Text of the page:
Far-right candidate Norbert Hofer conceded defeat against independent candidate Alexander Van der Bellen in a re-run election Sunday.
Official results are not expected until Monday, but exit polls announced by state broadcaster ORD showed with Van der Bellen with 53.6 percent of the vote compared with 46.4 for Hofer. Polls before Sunday’s vote suggested the result was too close to call.
In May, Van der Bellen, a former Green Party leader, defeated Hofer by little more than 30,000 votes in a tightly fought contest decided by mail-in ballots. But Hofer and his party challenged the results and they were annulled because of concerns of how the ballots were handled.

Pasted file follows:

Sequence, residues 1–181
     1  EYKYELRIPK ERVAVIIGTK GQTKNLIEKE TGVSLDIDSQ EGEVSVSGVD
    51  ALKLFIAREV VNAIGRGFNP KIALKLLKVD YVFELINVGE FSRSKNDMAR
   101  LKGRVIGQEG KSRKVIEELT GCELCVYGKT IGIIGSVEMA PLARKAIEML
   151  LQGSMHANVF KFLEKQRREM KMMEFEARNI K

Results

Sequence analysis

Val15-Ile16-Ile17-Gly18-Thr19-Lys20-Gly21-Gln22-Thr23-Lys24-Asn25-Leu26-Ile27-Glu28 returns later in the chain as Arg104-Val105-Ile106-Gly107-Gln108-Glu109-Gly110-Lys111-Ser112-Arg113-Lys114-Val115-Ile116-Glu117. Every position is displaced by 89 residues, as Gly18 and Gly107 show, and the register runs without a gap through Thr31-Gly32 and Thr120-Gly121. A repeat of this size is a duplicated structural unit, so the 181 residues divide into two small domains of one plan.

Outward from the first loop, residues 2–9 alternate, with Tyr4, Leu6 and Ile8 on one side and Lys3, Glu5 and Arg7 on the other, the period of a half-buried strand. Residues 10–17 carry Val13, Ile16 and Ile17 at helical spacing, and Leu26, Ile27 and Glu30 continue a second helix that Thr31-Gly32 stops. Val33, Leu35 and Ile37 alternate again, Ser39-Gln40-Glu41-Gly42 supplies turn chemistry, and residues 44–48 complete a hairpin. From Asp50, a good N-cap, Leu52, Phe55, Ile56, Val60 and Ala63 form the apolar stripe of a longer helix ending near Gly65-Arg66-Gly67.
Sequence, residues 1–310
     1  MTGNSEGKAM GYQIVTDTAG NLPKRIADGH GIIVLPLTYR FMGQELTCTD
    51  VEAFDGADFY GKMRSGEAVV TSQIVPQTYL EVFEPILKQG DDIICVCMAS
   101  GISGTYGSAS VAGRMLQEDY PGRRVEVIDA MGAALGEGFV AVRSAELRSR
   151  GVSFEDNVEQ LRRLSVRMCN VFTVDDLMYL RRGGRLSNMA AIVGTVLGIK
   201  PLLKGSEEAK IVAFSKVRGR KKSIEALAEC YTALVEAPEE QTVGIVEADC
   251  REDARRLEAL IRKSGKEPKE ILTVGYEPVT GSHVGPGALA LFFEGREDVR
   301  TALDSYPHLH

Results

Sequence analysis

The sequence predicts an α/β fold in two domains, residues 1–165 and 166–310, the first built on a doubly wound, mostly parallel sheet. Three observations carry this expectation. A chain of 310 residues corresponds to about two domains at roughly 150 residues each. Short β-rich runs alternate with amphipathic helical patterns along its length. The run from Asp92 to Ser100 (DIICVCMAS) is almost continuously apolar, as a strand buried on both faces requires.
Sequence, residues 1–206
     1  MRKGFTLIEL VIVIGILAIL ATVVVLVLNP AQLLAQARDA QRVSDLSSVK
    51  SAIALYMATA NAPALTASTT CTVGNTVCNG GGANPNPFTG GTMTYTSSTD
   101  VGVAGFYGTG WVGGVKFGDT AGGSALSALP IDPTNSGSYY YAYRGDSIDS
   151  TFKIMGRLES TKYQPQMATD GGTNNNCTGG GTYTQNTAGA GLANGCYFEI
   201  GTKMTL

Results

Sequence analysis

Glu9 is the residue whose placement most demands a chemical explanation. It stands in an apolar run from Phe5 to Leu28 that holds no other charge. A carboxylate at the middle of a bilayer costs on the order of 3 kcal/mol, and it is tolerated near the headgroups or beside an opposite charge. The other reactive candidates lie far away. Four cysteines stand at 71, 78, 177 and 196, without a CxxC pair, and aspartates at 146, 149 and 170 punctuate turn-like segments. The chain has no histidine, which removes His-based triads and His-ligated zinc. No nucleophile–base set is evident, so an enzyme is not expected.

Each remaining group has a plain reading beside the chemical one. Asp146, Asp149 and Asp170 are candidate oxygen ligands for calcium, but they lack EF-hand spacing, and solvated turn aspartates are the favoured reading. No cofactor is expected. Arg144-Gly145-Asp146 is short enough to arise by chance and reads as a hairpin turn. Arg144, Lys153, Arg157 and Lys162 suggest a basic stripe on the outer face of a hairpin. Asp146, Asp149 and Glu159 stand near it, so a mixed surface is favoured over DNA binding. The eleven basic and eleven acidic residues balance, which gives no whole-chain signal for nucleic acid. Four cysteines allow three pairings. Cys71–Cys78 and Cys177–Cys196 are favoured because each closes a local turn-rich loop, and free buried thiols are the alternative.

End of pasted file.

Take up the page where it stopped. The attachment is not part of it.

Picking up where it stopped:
“I am incredibly sad it didn’t work out,” Hofer wrote in a concession statement on Facebook. “I would have loved to look after Austria. I congratulate Alexander Van der Bellen to his success and ask all Austrians to stick together … We are all Austrians, no matter what we decided today. Long live our home Austria.”
The Austrian president’s role is largely ceremonial but a victory by Hofer would have made Austria the first nation with a far-right head of state in Western Europe since the end of World War II.
Hofer, the 45-year-old candidate for the anti-immigration Freedom Party, campaigned on an anti-immigration platform. He first suggested Austria could follow Britain’s vote to leave the European Union with a referendum of its own but later said to change the bloc into a purely economic association.
Van der Bellen, a 72-year-old economist whose parents spent time in a refugee camp before they settled in Austria, backs liberal migration policies and is an outspoken supporter of gay marriage.
On Sunday, after casting his ballot, Van der Bellen said the Austrian election was “of significance for all of Europe.”
“Outside of Austria, the election is perceived as something that does not only concern us Austrians,” he said.